press releaseBy Moustapha Diallo
A few months ago, several humanitarian organizations suspended their activities in northern Mali when cities such as Gao, Timbuktu and Kidal were still under insurgent control. The Mali Red Cross Society, with support from its Red Cross Red Crescent partners, and a few other organizations, braved the danger posed by the conflict to provide lifesaving assistance to thousands of people who remained in the north, and to those who ran to safety in the central and southern regions of the country.
In Mopti, in central Mali, where over 40,000 people have sought refuge, the society has been one of the leading agencies in humanitarian operations.
"We were overwhelmed by the sudden and massive influx of people fleeing from the north. The streets were crowded with people," says Moumouni Damango, regional president of the crisis committee in Mopti. "The Mali Red Cross Society was the first humanitarian organization to come alongside us, bringing its experience and support."
In the early hours of the crisis, hundreds of Red Cross volunteers were mobilized to provide first aid and to transport those who were sick to health facilities. They worked tirelessly to accommodate the displaced, provided them comfort and ensured they had shelter.
Given the deterioration of sanitary facilities and challenging hygiene conditions due to overcrowding, volunteers were also mobilized to raise awareness about hygiene, provide drinking water and organize demonstration sessions on water treatment.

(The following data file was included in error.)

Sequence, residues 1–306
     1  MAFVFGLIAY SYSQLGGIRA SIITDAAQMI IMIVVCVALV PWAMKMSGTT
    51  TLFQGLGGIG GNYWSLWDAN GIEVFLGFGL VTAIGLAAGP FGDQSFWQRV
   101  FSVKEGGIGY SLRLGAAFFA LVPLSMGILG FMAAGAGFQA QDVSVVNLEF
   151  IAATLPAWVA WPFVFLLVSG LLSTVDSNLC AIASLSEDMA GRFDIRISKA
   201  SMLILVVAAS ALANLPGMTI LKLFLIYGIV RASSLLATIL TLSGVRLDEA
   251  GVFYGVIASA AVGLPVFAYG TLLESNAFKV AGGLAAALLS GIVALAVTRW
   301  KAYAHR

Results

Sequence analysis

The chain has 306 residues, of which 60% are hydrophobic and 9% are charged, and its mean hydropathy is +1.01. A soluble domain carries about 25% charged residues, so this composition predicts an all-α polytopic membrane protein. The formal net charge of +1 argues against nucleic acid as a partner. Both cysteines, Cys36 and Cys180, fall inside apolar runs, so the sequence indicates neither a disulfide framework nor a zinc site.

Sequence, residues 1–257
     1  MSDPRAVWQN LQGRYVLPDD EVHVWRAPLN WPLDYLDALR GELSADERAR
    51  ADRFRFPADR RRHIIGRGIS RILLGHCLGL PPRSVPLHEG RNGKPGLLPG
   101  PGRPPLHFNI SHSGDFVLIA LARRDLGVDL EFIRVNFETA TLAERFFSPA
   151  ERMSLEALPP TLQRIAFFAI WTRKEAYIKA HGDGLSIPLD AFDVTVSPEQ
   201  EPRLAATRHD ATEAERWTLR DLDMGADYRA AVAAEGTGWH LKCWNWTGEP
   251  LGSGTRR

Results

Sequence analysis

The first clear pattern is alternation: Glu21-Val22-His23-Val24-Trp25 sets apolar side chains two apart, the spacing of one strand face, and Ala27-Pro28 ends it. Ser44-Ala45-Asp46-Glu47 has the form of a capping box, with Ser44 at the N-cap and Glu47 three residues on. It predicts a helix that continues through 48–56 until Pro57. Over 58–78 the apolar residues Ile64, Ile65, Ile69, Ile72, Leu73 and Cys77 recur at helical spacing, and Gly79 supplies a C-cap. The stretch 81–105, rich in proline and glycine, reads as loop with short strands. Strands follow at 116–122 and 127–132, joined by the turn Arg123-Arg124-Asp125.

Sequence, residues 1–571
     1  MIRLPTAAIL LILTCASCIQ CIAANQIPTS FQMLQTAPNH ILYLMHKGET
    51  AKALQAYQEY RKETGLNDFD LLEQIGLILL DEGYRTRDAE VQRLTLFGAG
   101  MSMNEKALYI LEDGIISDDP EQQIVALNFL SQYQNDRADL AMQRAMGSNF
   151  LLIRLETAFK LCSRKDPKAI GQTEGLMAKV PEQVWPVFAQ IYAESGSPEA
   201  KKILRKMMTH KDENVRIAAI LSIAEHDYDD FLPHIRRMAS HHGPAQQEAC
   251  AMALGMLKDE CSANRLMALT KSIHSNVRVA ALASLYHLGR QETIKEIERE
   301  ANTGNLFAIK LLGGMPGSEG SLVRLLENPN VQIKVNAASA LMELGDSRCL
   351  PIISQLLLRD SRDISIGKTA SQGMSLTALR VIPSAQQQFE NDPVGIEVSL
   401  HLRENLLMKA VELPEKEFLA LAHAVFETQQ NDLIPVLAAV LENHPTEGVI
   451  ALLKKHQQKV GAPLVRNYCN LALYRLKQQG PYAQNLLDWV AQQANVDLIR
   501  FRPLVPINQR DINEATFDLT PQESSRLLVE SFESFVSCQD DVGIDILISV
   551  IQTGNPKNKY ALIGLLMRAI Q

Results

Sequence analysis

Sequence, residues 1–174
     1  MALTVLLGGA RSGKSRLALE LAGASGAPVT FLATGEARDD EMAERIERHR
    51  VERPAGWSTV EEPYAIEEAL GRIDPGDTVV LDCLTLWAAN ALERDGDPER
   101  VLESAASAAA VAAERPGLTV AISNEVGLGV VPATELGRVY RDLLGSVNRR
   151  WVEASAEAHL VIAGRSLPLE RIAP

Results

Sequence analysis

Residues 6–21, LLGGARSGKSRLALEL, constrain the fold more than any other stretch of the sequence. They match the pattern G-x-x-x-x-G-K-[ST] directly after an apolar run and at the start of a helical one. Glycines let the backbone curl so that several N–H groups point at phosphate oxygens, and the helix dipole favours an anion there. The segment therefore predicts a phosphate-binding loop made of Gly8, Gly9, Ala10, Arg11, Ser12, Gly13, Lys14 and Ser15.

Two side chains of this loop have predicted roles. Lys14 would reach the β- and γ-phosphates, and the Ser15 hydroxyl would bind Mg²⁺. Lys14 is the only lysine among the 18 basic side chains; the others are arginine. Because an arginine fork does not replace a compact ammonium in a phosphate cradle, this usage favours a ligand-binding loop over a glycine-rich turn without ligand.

"The displaced people now make up more than 7.5 per cent of the population of Mopti. Imagine the pressure in terms of water and latrines needs," said Dr Mahamane Koumaré, Regional Director of Health in Mopti. "Fortunately, thanks to the Red Cross, prevention activities have proven successful. We have not recorded a single case of cholera in an area where it is endemic."
Since the crisis erupted, the Mali Red Cross Society, with support from the International Federation of Red Cross and Red Crescent Societies, International Committee of the Red Cross, Movement partners and other organizations, has distributed hundreds of tons of food to displaced people and host families. Essential items including tents, tarpaulins, mosquito nets, soap, and kitchen sets were also provided.
The needs of displaced populations and host families remain enormous. Living conditions are poor. Many are still traumatized from what they have witnessed and wait for a better security situation before returning home.
For those who want to return now, the way back will not be easy. Without assistance from the Red Cross, the UN and others it will be difficult to return and rebuild their lives in the villages they left. Plans are underway to ensure help is there when people do return.
The Mali Red Cross Society recently conducted an assessment to identify what people will need. Indications are they will need everything: shelter, water, food, health care and support in re-establishing their livelihoods. "One of the new areas of focus in our work will consist of putting in place a programme of assistance and support to returnees in the north," said Mamadou Traore, Secretary General of the Mali Red Cross Society. "To achieve this however, we will need the support of all. The needs are too great for us to do it alone."